For those of you not familiar with encryption, the basic idea is that you're communicating in a secret code. When someone sends you a message, they use your public key to encrypt (lock) it. Then, only your private key can decrypt (unlock) it - nobody else can read it.
PGP isn't totally uncrackable, but it's pretty close (with a 2048-bit key, cracking it by brute force on today's average computers would take longer than the known life of the universe). It's not "stake your life on it" level of privacy, because a) it's possible that someone's cracked it in another way and we don't know, and b) in 10 years time, a brute-force approach to our currently encrypted stuff will be trivial (especially with DNA computers and other massively parrallel algorithms). But in practice, that doesn't matter now - encryption between two people using PGP is (for all intents and purposes) private.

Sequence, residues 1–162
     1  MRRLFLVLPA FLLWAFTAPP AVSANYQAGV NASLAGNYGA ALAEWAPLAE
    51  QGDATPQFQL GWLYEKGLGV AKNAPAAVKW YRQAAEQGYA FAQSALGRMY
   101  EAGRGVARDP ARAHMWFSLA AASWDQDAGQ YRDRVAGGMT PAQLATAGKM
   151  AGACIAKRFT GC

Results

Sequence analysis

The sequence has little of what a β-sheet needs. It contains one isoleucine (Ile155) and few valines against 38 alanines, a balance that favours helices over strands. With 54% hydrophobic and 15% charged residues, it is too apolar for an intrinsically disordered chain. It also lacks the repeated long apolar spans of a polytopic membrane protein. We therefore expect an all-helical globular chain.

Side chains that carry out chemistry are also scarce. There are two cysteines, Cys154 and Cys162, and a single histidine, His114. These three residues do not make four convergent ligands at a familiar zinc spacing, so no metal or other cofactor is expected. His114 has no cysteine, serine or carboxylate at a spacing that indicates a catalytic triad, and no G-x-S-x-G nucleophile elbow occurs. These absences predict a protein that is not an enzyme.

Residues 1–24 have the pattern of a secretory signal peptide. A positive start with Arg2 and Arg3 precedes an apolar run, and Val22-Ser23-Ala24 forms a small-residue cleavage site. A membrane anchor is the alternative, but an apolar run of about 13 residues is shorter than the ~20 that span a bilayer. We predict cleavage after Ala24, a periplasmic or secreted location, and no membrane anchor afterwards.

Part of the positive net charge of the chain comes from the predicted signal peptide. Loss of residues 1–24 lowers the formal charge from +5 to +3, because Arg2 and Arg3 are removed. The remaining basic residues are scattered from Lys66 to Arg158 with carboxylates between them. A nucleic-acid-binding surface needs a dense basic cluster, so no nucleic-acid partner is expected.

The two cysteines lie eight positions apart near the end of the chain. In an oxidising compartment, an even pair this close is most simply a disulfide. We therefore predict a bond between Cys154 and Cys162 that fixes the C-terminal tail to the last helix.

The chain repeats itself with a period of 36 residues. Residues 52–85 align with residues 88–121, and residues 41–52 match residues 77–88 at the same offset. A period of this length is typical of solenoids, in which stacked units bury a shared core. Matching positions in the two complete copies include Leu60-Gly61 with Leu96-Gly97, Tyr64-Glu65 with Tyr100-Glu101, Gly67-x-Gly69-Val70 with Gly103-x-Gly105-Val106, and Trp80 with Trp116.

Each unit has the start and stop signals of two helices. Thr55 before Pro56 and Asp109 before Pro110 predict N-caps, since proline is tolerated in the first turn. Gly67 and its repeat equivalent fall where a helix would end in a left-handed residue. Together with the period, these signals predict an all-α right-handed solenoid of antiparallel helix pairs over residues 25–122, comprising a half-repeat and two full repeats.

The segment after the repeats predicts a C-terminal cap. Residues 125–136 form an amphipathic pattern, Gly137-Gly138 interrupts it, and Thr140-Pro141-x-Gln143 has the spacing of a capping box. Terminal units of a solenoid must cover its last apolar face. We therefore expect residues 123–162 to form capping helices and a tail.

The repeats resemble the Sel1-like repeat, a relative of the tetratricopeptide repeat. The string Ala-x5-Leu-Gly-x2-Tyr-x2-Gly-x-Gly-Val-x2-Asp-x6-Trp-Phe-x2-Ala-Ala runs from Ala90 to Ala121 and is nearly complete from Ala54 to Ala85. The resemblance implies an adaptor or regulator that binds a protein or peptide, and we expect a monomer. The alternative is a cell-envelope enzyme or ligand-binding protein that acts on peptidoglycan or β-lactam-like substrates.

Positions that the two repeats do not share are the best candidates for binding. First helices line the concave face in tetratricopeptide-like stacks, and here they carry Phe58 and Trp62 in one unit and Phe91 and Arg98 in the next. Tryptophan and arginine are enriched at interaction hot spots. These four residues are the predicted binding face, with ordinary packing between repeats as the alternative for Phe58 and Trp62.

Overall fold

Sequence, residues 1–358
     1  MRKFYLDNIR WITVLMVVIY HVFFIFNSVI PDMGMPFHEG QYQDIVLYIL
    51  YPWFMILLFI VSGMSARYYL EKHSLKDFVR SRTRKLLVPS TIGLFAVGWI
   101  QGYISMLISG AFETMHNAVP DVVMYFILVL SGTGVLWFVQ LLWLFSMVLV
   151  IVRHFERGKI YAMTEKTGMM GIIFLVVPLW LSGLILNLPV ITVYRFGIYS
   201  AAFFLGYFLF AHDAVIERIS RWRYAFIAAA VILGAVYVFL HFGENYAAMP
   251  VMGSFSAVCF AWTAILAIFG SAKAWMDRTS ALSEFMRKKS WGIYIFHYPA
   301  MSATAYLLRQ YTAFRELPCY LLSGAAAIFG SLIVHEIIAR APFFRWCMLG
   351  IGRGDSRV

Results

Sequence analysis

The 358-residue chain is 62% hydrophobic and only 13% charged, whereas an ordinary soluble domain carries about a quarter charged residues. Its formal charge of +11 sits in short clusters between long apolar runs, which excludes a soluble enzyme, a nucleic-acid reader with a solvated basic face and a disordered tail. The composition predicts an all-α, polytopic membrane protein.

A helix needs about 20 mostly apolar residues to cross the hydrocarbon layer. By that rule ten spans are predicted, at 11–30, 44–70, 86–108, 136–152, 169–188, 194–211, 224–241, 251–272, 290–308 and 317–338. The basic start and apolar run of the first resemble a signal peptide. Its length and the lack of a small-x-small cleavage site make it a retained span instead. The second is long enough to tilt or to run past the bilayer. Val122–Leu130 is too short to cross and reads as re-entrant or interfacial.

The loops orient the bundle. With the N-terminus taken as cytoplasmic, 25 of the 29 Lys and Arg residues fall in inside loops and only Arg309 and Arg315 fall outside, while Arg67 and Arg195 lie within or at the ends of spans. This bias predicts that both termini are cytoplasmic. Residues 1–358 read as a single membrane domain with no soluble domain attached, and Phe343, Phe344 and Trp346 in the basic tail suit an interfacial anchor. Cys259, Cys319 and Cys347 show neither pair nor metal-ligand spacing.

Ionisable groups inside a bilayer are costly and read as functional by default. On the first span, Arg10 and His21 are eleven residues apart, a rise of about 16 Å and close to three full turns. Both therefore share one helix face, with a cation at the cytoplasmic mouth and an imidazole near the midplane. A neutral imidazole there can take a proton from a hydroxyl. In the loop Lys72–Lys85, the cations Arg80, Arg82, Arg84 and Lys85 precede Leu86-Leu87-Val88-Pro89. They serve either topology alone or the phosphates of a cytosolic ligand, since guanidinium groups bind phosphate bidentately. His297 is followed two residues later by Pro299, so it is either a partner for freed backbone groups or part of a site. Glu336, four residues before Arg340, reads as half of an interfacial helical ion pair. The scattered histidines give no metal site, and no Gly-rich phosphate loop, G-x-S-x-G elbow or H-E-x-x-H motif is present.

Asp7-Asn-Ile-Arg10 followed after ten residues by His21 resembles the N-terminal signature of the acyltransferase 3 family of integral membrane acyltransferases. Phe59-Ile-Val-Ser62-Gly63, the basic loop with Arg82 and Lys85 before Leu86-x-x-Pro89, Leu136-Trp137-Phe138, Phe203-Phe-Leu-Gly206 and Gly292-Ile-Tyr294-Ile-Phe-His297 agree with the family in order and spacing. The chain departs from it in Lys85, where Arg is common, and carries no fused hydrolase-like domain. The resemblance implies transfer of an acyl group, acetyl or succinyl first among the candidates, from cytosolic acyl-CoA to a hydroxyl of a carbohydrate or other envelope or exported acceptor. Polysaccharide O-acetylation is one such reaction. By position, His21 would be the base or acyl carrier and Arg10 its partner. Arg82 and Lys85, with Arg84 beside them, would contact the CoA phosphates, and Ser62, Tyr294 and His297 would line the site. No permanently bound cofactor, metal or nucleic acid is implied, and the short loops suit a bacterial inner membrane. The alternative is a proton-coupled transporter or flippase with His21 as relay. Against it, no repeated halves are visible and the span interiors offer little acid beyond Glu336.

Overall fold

I like the idea of using encryption because it jives with our perception of how we see the world. When we write emails, we act like it's a private conversation; but that's simply not true. Anyone along the way -- from ISPs to random people sniffing packets on a network -- can read your email, and it probably happens more than you think. This is especially true in corporate environments where the management has not only the capability but the legal right to read anything you write on their computers. With encryption, though, it really is the case that (as we all assume) only the people involved in the conversation can read the message. Our assumptions of privacy become a reality.
Anybody else out there use PGP encryption? Wanna swap keys? Here's mine.
-----BEGIN PGP PUBLIC KEY BLOCK-----
Version: GnuPG v1.4.3 (MingW32)
-----END PGP PUBLIC KEY BLOCK-----